Jewish Living

Tackling a “Shondeh”


By Rabbi Abraham J. Twerski, M.D.

It seems to me that at least part of my destiny has been to champion unpopular subjects.  A number of years ago, I began to awaken the Jewish community to the fact that “shikker is a goy” is a myth, and that the problems of alcoholism and drug abuse have infiltrated the most respectable families.  Now it has become my task to debunk the myth that Jewish husbands are, without exception, kind, devoted, and considerate, and that there is no such thing as domestic violence in the Jewish community.

Even the most serious and life-threatening problems can go unnoticed when there is resistance to acknowledging them.  It is a fact that many women neglect to examine themselves properly for breast cancer because of the fear of what it might mean if they discover a mass.  Obviously, it is this very neglect that can lead to the grave consequences that could have been avoided by early detection.

Abuse occurs in a community that tolerates it.

The idea of “shondeh” (disgrace) functions in the same manner as fear.  To recognize that there is spouse abuse is to admit that there is a “shondeh.”  As a result, women who are abused continue to suffer because they are unwilling to admit that they are being abused.  Unfortunately, they also expose their children to the deleterious effects of growing up in a home where there is abuse.  Rabbis often refuse to believe that these problems exist.  The resultant hesitance of women to confide in a rabbi because they will be suspected of lying or even of being “meshugah” may have valid grounds.  Parents whose daughters complain of being abused may encourage them to return to their husbands and overlook the abuse, saying, “The children need a father, and he is a good provider.”  Countless excuses are given for maintaining the status quo, which is not really a status quo at all, because abuse is usually progressive.

Communities as a whole are caught up in the denial of this grave problem.  Jewish family services are often underfunded, and therefore cannot operate a hotline, provide adequate staff, or maintain a safe-house for abused spouses.

The most evident form of abuse is physical, although abusive husbands are usually clever enough to strike only at the parts of the body that are not exposed.  But verbal and emotional abuse may be every bit as damaging to everyone in the family.  Quibbling and arguments, while undesirable, do not necessarily constitute abuse, but insulting or demeaning a spouse is definitely abuse.  Isolating a woman from family and friends, restricting her ability to function by controlling her access to money, or undermining her authority as a mother is abuse.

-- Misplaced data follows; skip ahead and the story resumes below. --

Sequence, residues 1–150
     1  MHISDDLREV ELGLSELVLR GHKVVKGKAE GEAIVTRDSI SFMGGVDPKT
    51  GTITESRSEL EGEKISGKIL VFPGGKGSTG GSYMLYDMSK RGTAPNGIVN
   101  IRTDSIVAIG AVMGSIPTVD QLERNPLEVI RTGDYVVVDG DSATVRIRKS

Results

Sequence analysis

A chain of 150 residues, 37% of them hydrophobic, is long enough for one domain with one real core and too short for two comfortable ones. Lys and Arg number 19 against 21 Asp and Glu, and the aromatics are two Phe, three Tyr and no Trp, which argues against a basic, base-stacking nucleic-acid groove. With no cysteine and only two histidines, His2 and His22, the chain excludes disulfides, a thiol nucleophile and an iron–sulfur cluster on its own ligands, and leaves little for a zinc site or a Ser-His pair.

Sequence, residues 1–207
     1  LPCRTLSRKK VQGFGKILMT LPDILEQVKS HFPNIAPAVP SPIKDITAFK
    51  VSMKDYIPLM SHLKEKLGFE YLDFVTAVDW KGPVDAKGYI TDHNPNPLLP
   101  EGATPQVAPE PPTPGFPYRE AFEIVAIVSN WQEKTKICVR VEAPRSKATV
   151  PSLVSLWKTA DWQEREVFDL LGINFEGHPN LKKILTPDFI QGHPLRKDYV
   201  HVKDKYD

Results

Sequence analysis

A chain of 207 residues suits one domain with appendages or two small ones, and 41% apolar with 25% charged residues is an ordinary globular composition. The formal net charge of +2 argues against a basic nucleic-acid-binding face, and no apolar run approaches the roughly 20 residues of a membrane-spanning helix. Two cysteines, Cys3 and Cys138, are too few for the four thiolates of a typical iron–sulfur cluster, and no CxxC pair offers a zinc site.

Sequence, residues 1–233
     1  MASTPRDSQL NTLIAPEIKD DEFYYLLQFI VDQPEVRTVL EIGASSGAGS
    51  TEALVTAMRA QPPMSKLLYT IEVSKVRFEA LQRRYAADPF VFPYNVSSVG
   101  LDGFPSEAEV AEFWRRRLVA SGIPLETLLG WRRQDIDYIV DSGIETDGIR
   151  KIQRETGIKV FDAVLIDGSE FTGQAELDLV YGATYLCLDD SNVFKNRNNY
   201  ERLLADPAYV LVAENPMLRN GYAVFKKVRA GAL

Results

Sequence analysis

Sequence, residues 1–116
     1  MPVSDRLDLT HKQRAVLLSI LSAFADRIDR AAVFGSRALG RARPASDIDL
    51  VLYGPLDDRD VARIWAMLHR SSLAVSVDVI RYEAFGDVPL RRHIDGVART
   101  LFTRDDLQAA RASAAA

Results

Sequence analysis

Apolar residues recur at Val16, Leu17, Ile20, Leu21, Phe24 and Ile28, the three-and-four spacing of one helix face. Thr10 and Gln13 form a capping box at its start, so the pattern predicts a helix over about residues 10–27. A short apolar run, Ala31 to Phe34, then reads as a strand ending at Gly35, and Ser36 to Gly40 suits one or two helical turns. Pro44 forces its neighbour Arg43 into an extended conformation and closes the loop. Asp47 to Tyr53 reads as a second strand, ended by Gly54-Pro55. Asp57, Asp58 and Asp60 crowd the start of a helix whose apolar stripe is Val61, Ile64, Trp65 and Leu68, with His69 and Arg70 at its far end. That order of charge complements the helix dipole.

Abuse occurs in a community that tolerates it.  While the aggressor is the immediate perpetrator, the community cannot shirk its culpability if it allows abuse to occur and continue.  We tend to look for causes of things, and indeed a match may be the cause of a fire.  But fires cannot burn in the absence of oxygen, and if the supply of oxygen is cut off, as when we douse a fire with water, the flame is extinguished.  While a community is not the cause of abuse, it may be likened to the “oxygen” when it allows the abuse to continue.  If attitudes in the community undergo an appreciable change, and this change pervades every facet of the community, spouse abuse may be extinguished.

…Verbal and emotional abuse may be every bit as damaging [as physical beating] to everyone in the family.

I recently lectured on spouse abuse in a major Jewish community, and 600 people attended the lecture.  However, many of the posters announcing the lecture were torn down by people who felt it was a “shondeh” to bring this issue before the public.  How sad!  The real “shondeh” is when a woman is traumatized physically or emotionally and when her life (and perhaps that of the children) is ruined because she has no one to turn to, no one she feels can help her.

There may be some light at the end of the tunnel. The Shalom Task Force, a volunteer group in New York, is trying to organize a nationwide network of service providers.  Last year, 175 rabbis gathered in New York to discuss this issue at a session sponsored by the Shalom Task Force and endorsed by the respected Talmudist, Rabbi Abraham Pam.  The Nefesh organization, comprised of several hundred Orthodox psychotherapists, has held special sessions on spouse abuse.  In many communities, Jewish agencies are providing trained staffs to deal with these cases.  But much more needs to be done, and soon.  None of us should have on our conscience that a person has been damaged or destroyed because the community was derelict in providing the necessary resources for help.

This is not a job for “the other guy.”  Abuse cuts across all economic, cultural and religious levels in our community.  There is no immunity.  We should all become involved, even if only for self-serving reasons.  Everyone should contact the agency in their community to find out what they can do to help.  Too often, people fail to get involved until the problem strikes too close to home.

Rabbi Dr. Twerski’s book on domestic violence in the Jewish community is The Shame Borne in Silence, published by Mirkov Publications.  Call 1-800-851-8303 for purchasing information.

The founder and medical director of Gateway Rehabilitation Center in Aliquippa, Pennsylvania, Dr. Twerski is one of the country’s leading experts on alcohol and drug rehabilitation.  He is the author of numerous books and his column is regularly featured in Jewish Action.

This article was featured in the Fall 1997 issue of Jewish Action.
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